Let’s be honest: who among us has ever rolled their eyes and yawned when words like “statutes” and “ordinances” are mentioned? At best, these rules might be seen as the necessary keepers of order in a busy and complex world. At worst, they are major annoyances that get in the way of our own “personal” freedoms.
But today’s reading from the Book of Deuteronomy speaks of God’s statute, one that I believe reveals a much more authentic view of human freedom.
A graduate school professor of mine once completed a little social experiment with the teenagers at her church. She first asked them, “What is your definition of freedom?” Their responses varied a bit, but each of them focused on the idea that freedom = independence:
“Being able to do what you want . . . .”
“Not having to follow any rules . . . .”
But then she asked them, “When is the last time you felt truly free?” To which the teens replied in a very different vein:
“Spending time with family at Christmas . . . .”
“Having a really good conversation with a friend . . . .”
I love this little experiment because it reminds me of the contradiction that exists in our hearts. We believe on one hand that freedom means the ability to do as we please but on the other hand hold the tender belief that what makes us truly free is not striking out on a path of self-made independence but rather being bound to something—or someone—that is bigger than we are.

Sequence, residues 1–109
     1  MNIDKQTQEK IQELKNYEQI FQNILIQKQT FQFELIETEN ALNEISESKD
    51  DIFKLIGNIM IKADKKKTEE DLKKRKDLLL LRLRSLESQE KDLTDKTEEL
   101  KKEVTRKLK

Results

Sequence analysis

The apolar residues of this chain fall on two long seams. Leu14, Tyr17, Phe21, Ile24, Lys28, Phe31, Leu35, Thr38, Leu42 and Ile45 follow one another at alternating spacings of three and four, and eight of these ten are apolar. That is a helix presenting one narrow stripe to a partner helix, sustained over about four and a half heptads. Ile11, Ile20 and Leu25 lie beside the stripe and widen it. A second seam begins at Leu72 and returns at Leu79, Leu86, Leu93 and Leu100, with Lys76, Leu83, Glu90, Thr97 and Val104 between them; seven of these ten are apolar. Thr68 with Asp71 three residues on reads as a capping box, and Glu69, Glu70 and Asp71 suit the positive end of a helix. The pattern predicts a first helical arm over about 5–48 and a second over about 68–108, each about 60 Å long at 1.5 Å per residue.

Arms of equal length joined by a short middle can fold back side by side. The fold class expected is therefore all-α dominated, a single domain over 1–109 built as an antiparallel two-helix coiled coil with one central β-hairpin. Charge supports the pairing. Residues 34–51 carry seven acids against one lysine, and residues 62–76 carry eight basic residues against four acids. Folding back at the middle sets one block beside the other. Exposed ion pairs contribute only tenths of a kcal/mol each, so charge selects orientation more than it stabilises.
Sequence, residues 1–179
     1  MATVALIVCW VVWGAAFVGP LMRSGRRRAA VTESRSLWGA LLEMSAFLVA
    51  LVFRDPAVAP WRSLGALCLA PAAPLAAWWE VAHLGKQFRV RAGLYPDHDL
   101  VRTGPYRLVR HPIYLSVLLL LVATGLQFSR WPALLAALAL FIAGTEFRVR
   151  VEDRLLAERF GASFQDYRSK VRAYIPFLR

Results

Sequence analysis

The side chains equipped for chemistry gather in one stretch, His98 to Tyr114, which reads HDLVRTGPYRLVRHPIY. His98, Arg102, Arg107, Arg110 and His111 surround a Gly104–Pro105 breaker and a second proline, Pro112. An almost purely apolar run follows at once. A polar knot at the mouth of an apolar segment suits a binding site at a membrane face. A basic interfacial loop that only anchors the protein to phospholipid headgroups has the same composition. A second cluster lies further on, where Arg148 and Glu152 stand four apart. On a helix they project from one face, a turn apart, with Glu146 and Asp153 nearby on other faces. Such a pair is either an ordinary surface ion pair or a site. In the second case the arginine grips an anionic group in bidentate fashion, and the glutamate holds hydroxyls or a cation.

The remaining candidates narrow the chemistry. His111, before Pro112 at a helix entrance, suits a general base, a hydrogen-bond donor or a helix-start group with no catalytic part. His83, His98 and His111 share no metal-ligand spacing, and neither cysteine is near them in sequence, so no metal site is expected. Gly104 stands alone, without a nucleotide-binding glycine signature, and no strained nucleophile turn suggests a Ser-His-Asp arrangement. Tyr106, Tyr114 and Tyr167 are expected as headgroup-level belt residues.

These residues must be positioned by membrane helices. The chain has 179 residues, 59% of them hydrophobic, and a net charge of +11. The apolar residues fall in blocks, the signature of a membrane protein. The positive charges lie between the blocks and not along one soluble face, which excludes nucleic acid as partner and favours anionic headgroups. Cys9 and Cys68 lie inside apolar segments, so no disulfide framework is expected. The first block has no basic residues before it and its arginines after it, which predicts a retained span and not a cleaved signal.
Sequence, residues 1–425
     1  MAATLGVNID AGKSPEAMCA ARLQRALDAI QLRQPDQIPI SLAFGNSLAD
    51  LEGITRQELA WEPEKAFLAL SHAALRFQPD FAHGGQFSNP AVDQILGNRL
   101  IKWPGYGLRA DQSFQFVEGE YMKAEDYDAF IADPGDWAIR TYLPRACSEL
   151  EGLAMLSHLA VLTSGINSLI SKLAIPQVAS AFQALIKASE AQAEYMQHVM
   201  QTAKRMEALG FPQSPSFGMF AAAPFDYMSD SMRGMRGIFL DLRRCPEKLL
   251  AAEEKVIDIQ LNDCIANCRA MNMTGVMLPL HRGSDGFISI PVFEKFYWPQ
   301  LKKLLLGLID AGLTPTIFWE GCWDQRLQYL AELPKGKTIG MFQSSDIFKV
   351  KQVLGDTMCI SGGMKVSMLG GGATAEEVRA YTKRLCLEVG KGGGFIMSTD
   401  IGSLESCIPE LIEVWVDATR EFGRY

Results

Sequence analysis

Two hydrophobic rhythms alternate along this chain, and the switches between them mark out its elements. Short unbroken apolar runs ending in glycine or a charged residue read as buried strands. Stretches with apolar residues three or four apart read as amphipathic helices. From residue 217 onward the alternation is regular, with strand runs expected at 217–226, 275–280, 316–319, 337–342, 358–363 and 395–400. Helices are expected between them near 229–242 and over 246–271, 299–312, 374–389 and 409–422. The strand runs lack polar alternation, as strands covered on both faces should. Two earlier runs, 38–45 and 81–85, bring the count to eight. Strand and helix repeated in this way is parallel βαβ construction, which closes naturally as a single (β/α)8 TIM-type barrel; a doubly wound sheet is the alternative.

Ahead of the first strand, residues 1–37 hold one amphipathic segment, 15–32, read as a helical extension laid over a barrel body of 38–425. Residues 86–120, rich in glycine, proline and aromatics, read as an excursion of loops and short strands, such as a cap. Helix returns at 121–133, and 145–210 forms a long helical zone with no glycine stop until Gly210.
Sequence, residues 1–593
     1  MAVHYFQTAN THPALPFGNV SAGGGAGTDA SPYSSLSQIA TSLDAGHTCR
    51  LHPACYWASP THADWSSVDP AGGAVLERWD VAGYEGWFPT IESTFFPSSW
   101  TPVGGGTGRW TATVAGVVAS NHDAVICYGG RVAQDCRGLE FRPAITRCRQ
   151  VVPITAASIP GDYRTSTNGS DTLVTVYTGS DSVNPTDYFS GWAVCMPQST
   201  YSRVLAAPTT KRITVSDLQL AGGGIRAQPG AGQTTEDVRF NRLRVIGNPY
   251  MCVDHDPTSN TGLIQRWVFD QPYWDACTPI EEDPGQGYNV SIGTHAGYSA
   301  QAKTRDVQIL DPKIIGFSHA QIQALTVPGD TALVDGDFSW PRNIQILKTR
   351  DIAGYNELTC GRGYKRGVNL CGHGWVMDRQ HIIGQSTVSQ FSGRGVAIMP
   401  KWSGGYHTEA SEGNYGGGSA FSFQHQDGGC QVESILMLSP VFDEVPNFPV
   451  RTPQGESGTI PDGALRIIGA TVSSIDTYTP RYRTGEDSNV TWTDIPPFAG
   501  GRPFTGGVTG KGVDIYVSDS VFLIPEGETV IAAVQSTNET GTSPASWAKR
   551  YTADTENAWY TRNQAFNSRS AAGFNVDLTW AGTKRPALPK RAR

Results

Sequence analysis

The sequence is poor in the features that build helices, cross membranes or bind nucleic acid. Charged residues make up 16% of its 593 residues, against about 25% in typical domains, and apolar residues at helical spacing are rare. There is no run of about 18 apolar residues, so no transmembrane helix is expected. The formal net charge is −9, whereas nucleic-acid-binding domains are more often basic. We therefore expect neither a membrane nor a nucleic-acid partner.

I think our culture pooh-poohs the idea of obeying God’s statutes and ordinances. Though we might not care to admit it, even the holiest among us struggles with the desire within to “go our own way” and ignore the law of the Lord. It is a bit like turning a cruise ship to slowly recognize that the Lord inscribed the law on our hearts not for ill but for good. “Give heed,” the First Reading says, “to the statutes and the ordinances which I teach you, and do them,” not just because “He told us so” and we are obligated to obey but rather, that we may live.
Readers, let’s spend some time today reflecting on freedom. When is the last time you felt truly free? Can you find solace in the truth that our true joy comes not in being our own maker, but rather in finding the one Maker who seeks to place His joy in us, and make our joy complete?
What’s freedom to you?
Karen Schultz is a Birth Doula who hails from the Land of 10,000 Lakes, where she is often found in or near one of them. You can find out more about her here.